A sawmill was operating in 1843, just before the arrival of Edward Weekes in the village by 1844. By 1846 John Gasco had established himself as a cooper, and purchased the tavern that had been owned by Lombard (later sold to John Looby in 1852). In the 1840s, there was also established a blacksmith (James Ireland) and a shoemaker in the village.
The population of the village did not grow rapidly, as most members of the community lived in rural areas of the township. By the 1851 census, there were still only six households in the village, including that of the Edward Weekes family.
Smiths Falls circa 1839
The site of Smiths Falls was first granted to Terence Smyth and his brother Thomas Smyth, who had fought for the British during the American Revolution, and whose father had been a spy for the British. Thomas and his son Terence were both military officers, and Terence’s unit saw action in the war of 1812 at Brockville, Ogdensburg and Crysler’s Farm.
When the Rideau Canal plans were developed, the Merrick family built a sawmill at the falls in the future Smiths Falls in 1823. In the early years, this growing community site was known as Wardsville, named after the first permanent resident, Abel Russell Ward. Ward built his home in 1826 or 1827 on Beckwith street, close to the site of the current canal locks. At this time the area was truly raw wilderness. Ward operated the sawmill from 1827, and married a member of the Merrick family. In 1828, Rufus Collins, a blacksmith and axe manufacturer settled nearby.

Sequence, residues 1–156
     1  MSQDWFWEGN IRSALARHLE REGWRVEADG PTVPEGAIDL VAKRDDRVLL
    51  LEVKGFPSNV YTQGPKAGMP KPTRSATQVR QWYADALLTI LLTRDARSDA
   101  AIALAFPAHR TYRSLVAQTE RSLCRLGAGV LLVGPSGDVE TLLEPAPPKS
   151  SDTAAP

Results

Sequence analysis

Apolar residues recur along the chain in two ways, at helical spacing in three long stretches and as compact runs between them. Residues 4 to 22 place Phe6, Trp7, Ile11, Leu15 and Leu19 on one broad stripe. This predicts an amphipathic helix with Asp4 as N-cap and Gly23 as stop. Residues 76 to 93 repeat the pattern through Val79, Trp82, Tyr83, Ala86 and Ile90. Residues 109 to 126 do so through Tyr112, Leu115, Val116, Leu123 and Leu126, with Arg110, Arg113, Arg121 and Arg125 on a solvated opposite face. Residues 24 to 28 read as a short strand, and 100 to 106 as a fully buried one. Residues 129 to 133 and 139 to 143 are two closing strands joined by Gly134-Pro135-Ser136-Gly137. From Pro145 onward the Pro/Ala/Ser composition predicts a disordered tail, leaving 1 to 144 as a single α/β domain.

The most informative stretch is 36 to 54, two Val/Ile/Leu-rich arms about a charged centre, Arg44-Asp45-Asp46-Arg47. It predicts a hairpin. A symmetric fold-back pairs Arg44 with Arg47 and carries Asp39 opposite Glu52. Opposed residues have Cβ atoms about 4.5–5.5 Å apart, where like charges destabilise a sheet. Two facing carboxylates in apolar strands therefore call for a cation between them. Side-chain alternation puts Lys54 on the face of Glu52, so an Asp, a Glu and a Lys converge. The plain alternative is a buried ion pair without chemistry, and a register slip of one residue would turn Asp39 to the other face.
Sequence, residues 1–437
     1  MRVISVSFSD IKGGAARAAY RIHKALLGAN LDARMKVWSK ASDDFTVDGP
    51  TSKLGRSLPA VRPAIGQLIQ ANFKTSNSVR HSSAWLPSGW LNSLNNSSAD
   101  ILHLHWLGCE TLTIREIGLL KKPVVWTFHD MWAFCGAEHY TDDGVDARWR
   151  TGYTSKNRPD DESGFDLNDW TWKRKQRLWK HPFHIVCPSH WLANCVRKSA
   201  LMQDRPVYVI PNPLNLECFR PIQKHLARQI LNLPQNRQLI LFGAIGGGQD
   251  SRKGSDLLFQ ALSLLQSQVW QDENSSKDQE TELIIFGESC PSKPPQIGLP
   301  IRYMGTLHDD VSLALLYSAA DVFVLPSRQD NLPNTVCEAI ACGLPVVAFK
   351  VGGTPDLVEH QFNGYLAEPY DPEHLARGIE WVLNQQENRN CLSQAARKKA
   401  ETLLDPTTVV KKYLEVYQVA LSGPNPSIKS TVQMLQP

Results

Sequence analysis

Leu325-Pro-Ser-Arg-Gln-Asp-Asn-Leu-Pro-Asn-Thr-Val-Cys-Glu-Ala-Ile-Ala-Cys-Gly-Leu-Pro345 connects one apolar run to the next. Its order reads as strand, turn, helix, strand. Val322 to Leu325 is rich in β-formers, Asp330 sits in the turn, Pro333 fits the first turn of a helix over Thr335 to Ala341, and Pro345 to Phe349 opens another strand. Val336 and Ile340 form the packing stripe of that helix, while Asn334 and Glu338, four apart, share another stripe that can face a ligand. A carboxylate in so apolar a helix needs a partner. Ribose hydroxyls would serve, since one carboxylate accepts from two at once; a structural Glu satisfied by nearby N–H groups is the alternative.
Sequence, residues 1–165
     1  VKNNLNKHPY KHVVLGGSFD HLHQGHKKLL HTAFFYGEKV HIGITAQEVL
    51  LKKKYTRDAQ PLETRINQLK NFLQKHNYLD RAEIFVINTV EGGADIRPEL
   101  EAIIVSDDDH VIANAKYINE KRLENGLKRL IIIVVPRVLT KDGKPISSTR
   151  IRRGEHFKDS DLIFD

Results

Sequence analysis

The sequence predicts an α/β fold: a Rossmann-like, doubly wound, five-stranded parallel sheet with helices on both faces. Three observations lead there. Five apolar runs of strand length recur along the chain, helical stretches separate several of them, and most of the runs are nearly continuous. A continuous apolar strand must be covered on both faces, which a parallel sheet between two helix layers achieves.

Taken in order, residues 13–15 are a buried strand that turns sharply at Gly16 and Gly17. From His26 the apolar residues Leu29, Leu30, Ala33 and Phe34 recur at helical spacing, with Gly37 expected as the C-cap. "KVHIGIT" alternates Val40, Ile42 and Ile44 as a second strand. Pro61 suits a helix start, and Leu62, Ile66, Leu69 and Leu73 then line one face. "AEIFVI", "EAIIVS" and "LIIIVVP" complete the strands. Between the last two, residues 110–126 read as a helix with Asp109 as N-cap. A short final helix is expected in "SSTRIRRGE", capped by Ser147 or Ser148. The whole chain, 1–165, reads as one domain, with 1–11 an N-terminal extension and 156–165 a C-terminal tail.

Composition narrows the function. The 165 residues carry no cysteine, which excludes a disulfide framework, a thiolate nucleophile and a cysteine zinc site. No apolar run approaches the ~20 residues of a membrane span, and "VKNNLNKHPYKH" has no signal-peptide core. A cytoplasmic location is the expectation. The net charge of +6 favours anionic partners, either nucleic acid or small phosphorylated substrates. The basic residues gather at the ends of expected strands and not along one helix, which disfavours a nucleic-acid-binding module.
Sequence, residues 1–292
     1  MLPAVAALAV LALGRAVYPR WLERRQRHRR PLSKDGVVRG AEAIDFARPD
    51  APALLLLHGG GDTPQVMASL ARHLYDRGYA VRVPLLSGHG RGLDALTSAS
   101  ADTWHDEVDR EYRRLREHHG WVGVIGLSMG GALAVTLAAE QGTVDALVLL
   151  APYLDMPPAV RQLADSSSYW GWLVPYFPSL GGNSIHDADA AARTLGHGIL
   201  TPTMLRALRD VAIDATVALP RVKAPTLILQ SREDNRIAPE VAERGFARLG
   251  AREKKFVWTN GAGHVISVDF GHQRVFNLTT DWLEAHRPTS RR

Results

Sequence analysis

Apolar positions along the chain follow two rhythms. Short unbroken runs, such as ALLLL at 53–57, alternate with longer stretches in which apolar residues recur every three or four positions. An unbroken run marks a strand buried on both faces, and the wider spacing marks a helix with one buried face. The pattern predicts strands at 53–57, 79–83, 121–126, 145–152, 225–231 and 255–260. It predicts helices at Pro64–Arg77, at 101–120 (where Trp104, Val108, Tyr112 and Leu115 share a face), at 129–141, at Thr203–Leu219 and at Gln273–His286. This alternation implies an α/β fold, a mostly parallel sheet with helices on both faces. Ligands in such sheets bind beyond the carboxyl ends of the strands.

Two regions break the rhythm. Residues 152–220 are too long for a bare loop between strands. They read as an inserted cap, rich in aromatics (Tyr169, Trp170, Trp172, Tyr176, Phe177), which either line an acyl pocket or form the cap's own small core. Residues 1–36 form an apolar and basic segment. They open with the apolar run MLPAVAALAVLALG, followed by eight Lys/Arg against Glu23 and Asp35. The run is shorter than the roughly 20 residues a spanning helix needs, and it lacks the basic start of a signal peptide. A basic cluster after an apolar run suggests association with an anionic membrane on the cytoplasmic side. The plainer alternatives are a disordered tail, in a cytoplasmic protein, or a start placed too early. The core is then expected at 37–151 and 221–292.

Poonamalie locks 1914
Work on the Rideau Canal began in 1827, and the original sawmill was taken over as the site for the canal control dam. Ward and one of the canal engineers, James Simpson, established grist and sawmills, and by 1829, the town site had been laid out with streets and building lots. The Rideau Canal began operation in 1832.
By 1837, the town of Smiths Falls was well established, with many active businesses, three established churches, a variety of mills, warehouses, taverns and shops. In 1838 a school, “Smiths Falls Academy for Young Gentlemen and Ladies”, was established and included a William McGillivray among its students.
Saint John’s Parish cemetery near Perth
Perth circa 1839
Up until 1816, the only humans in the area of Perth Ontario, were the natives and a few transient trappers. The first few settlers left Scotland in 1815 and arrived in Perth in 1816. Many of the first 1816 settlers settled along the Scotch Line. The first occupants of lots in the future town of Perth also arrived in 1816.